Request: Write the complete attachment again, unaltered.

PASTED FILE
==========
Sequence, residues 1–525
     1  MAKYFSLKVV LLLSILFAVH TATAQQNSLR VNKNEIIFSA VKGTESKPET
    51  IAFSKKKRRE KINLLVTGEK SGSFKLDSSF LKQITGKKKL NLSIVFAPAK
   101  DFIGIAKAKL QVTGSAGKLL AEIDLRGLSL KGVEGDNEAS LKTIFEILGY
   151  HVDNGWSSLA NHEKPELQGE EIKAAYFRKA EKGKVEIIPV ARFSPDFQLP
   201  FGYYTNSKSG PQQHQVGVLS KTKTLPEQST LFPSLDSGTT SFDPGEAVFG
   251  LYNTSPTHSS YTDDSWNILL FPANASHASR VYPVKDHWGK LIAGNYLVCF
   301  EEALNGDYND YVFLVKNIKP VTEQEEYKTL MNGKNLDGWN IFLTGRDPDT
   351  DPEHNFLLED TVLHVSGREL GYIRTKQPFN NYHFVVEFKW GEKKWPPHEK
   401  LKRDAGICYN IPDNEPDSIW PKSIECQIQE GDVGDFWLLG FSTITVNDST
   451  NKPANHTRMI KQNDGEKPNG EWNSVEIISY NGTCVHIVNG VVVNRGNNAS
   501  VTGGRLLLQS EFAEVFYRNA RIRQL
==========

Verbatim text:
Sequence, residues 1–525
     1  MAKYFSLKVV LLLSILFAVH TATAQQNSLR VNKNEIIFSA VKGTESKPET
    51  IAFSKKKRRE KINLLVTGEK SGSFKLDSSF LKQITGKKKL NLSIVFAPAK
   101  DFIGIAKAKL QVTGSAGKLL AEIDLRGLSL KGVEGDNEAS LKTIFEILGY
   151  HVDNGWSSLA NHEKPELQGE EIKAAYFRKA EKGKVEIIPV ARFSPDFQLP
   201  FGYYTNSKSG PQQHQVGVLS KTKTLPEQST LFPSLDSGTT SFDPGEAVFG
   251  LYNTSPTHSS YTDDSWNILL FPANASHASR VYPVKDHWGK LIAGNYLVCF
   301  EEALNGDYND YVFLVKNIKP VTEQEEYKTL MNGKNLDGWN IFLTGRDPDT
   351  DPEHNFLLED TVLHVSGREL GYIRTKQPFN NYHFVVEFKW GEKKWPPHEK
   401  LKRDAGICYN IPDNEPDSIW PKSIECQIQE GDVGDFWLLG FSTITVNDST
   451  NKPANHTRMI KQNDGEKPNG EWNSVEIISY NGTCVHIVNG VVVNRGNNAS
   501  VTGGRLLLQS EFAEVFYRNA RIRQL